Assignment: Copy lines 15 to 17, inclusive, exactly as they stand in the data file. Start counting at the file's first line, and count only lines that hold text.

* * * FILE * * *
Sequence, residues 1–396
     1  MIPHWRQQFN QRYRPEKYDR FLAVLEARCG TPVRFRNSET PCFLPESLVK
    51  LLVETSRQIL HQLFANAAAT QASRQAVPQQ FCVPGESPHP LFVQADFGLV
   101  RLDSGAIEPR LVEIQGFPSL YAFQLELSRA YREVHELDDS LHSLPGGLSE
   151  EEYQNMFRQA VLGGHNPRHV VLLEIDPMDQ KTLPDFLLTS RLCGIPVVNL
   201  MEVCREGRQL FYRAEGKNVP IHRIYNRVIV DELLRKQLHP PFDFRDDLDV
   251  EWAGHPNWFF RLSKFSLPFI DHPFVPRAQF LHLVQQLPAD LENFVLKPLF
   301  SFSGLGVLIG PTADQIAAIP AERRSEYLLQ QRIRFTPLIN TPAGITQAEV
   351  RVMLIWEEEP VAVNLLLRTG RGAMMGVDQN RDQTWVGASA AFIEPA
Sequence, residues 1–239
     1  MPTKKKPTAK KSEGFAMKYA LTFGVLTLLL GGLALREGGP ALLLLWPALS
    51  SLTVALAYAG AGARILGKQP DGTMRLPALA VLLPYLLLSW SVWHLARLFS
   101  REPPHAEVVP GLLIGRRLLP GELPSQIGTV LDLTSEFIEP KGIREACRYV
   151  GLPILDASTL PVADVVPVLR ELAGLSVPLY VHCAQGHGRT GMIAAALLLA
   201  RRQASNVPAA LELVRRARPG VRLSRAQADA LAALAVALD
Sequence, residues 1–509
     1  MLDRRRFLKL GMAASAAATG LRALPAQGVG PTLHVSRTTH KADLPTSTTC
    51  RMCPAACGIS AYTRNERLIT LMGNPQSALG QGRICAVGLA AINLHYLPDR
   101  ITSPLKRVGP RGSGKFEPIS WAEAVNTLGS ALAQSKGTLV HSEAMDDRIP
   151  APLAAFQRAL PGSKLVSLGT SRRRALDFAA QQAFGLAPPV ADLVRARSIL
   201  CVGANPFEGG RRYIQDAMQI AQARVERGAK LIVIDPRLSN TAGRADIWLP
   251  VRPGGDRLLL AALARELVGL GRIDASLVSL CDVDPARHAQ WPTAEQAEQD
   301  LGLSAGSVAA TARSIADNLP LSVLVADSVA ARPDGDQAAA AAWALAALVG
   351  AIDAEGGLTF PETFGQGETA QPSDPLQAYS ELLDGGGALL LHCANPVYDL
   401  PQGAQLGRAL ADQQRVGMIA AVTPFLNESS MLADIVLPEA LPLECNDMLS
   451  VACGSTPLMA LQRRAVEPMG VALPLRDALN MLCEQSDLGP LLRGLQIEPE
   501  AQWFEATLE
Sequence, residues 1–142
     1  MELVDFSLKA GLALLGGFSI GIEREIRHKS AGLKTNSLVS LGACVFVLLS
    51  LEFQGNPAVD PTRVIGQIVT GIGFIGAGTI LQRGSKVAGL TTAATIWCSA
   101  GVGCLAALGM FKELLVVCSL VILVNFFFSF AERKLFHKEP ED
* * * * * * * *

   201  RRQASNVPAA LELVRRARPG VRLSRAQADA LAALAVALD
Sequence, residues 1–509
     1  MLDRRRFLKL GMAASAAATG LRALPAQGVG PTLHVSRTTH KADLPTSTTC